Tuesday, December 3rd, 2013 9:12 am
By Mark van der Feyst
One of the functions of a truck company is to ventilate and force openings within a structure. Some fire departments have rotary saws on their apparatuses to complement the equipment needed to ventilate buildings and to force different types of openings. This valuable tool, which has many benefits, such as portability and power, should be used more often.
The rotary saw can be carried anywhere on the fire ground, including to the roof of a building and up and down ladders. The rotary saw weighs between nine and 16 kilograms (20 and 35 pounds) without fuel. One firefighter can carry the saw either with the handles or using a strap attached to the saw. The strap can be made from webbing or even a used seatbelt. Having a strap frees the firefighter’s hands so that he or she can carry other tools or have both hands available for climbing a ladder. The rotary saw is portable enough that it can be used in small spaces, such as a trench for auto extrication purposes, provided there are no explosive gases present.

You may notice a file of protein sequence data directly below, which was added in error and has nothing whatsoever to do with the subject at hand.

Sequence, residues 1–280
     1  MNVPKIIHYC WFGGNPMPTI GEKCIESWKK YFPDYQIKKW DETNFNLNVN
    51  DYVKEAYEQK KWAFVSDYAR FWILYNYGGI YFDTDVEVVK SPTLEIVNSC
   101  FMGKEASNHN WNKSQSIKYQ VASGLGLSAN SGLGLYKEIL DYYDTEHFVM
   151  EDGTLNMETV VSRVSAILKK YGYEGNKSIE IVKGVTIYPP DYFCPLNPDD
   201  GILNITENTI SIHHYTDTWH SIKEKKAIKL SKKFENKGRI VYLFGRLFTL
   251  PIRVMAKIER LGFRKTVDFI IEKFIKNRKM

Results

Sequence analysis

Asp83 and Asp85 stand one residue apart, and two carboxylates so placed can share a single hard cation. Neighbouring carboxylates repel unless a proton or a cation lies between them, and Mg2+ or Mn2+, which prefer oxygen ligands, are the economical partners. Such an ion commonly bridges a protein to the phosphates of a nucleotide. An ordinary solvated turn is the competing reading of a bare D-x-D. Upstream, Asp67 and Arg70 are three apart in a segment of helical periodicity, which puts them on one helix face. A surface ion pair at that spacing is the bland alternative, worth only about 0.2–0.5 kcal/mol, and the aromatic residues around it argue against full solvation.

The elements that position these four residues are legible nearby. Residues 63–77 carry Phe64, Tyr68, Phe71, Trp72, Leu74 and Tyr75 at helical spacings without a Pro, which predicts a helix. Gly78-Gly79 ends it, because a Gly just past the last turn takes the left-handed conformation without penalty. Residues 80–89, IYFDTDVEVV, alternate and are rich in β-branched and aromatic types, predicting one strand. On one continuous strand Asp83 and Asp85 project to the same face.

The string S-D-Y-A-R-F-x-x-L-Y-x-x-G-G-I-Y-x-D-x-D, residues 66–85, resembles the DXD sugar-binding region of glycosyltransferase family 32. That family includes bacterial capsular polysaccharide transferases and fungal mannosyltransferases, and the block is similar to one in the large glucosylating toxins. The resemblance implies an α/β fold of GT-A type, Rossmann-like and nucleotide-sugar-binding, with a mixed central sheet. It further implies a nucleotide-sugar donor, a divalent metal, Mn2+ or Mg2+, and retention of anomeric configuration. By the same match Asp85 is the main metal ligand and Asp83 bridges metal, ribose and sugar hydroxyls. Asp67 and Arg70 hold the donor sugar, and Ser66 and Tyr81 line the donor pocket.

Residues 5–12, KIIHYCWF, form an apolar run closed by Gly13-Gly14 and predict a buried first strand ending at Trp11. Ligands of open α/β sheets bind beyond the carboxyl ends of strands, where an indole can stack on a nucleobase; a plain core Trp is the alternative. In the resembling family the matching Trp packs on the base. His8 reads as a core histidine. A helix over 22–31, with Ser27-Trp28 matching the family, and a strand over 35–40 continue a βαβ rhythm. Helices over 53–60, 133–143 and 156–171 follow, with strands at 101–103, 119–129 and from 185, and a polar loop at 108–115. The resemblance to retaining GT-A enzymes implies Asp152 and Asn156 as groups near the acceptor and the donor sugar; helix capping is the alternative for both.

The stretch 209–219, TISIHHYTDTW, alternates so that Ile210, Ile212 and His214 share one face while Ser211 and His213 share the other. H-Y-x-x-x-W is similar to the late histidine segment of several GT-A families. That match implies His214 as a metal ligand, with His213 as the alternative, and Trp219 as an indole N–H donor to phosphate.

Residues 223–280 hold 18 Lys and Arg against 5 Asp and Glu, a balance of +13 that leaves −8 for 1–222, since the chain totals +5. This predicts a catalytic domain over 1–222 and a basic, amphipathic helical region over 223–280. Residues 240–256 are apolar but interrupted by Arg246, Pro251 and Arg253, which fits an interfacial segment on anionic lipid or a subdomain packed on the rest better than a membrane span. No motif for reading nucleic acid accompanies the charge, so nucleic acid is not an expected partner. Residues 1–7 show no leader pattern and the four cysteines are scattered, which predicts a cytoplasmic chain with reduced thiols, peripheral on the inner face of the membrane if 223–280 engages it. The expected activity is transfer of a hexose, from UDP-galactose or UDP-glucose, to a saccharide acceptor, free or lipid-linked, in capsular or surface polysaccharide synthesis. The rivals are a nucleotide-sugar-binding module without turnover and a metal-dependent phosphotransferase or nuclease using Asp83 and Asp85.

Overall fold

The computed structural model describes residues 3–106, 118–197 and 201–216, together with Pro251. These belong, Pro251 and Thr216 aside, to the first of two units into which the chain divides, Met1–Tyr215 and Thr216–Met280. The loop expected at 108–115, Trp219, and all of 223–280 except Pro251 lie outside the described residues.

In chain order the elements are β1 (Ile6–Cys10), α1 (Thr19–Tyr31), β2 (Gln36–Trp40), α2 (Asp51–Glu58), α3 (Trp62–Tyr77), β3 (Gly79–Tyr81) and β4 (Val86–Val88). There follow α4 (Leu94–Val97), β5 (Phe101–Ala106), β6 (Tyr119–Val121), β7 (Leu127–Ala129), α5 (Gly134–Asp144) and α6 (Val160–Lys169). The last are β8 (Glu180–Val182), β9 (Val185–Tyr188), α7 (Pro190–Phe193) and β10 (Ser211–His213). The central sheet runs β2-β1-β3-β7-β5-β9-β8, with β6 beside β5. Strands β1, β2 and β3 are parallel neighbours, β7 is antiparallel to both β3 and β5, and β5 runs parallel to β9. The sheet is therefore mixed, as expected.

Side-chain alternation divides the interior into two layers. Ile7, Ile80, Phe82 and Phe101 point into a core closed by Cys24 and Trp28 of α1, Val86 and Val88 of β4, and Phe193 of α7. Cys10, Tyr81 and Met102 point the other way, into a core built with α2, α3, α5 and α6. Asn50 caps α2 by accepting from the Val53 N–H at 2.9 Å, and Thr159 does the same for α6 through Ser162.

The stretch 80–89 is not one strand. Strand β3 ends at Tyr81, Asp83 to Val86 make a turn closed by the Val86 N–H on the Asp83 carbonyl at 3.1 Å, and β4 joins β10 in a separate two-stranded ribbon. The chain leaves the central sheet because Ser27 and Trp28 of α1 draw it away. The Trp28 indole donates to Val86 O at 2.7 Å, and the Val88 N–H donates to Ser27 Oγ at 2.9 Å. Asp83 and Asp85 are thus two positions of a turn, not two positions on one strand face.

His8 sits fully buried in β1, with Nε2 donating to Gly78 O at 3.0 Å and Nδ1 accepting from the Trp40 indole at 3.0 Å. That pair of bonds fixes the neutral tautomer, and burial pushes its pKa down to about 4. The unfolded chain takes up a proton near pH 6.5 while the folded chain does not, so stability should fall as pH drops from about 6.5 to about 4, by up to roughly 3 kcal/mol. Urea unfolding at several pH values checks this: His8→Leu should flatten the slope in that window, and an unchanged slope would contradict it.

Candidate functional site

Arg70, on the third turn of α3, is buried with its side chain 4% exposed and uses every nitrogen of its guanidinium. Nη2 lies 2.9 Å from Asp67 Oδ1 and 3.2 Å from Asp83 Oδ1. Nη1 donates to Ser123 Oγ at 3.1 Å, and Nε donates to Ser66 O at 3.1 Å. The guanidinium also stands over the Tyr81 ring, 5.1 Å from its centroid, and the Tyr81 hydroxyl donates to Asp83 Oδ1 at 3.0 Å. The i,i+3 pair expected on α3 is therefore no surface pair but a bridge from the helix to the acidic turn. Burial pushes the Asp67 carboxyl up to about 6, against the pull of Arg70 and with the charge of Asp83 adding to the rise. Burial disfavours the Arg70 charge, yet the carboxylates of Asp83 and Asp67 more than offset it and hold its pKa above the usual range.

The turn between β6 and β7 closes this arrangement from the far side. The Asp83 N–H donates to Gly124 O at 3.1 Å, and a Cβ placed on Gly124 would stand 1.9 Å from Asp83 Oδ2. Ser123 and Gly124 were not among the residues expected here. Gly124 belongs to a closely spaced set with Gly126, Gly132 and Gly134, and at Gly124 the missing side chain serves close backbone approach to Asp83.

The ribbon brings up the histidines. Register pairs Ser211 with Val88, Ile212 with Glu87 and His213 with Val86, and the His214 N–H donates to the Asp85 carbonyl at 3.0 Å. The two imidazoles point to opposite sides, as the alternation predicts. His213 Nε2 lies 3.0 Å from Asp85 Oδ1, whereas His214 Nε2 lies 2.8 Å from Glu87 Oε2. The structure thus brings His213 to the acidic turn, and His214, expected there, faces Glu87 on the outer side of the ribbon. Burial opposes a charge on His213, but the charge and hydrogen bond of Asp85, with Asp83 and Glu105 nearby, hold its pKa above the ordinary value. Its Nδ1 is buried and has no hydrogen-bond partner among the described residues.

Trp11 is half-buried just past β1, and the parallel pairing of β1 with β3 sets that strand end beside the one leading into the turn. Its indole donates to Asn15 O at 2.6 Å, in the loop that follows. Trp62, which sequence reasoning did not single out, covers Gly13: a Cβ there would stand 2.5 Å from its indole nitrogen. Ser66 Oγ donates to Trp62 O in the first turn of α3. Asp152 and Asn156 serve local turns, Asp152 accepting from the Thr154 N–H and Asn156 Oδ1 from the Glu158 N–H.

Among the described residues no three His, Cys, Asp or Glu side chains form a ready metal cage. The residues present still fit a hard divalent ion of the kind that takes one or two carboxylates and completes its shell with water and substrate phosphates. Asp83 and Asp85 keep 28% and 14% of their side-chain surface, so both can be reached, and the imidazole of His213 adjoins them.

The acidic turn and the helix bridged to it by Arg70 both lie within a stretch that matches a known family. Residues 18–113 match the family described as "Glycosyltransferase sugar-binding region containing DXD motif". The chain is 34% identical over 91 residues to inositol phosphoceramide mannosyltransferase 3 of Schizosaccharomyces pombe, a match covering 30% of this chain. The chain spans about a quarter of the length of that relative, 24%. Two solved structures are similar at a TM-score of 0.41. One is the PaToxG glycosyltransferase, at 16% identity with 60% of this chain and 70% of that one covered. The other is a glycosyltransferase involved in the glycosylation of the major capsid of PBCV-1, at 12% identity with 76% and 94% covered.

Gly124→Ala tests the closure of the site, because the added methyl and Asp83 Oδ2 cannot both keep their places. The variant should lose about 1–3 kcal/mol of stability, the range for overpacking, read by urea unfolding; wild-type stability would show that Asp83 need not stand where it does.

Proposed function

All rotary saws are powered by internal combustion engines – two-stroke, small gas engines. The small engines can range from 74 cubic centimetres (cc) to 119 cc in displacement with horsepower ranging from five horsepower (hp) to 8 hp. Due to this high output of power, the saw produces blade speeds from 4,700 revolutions per minute (r.p.m.) to 5,400 r.p.m. This allows the saw to cut through almost any type of material for which the blade is designed and rated. The blade size also varies from 30.5 to 40.5 centimetres (12 to 16 inches).
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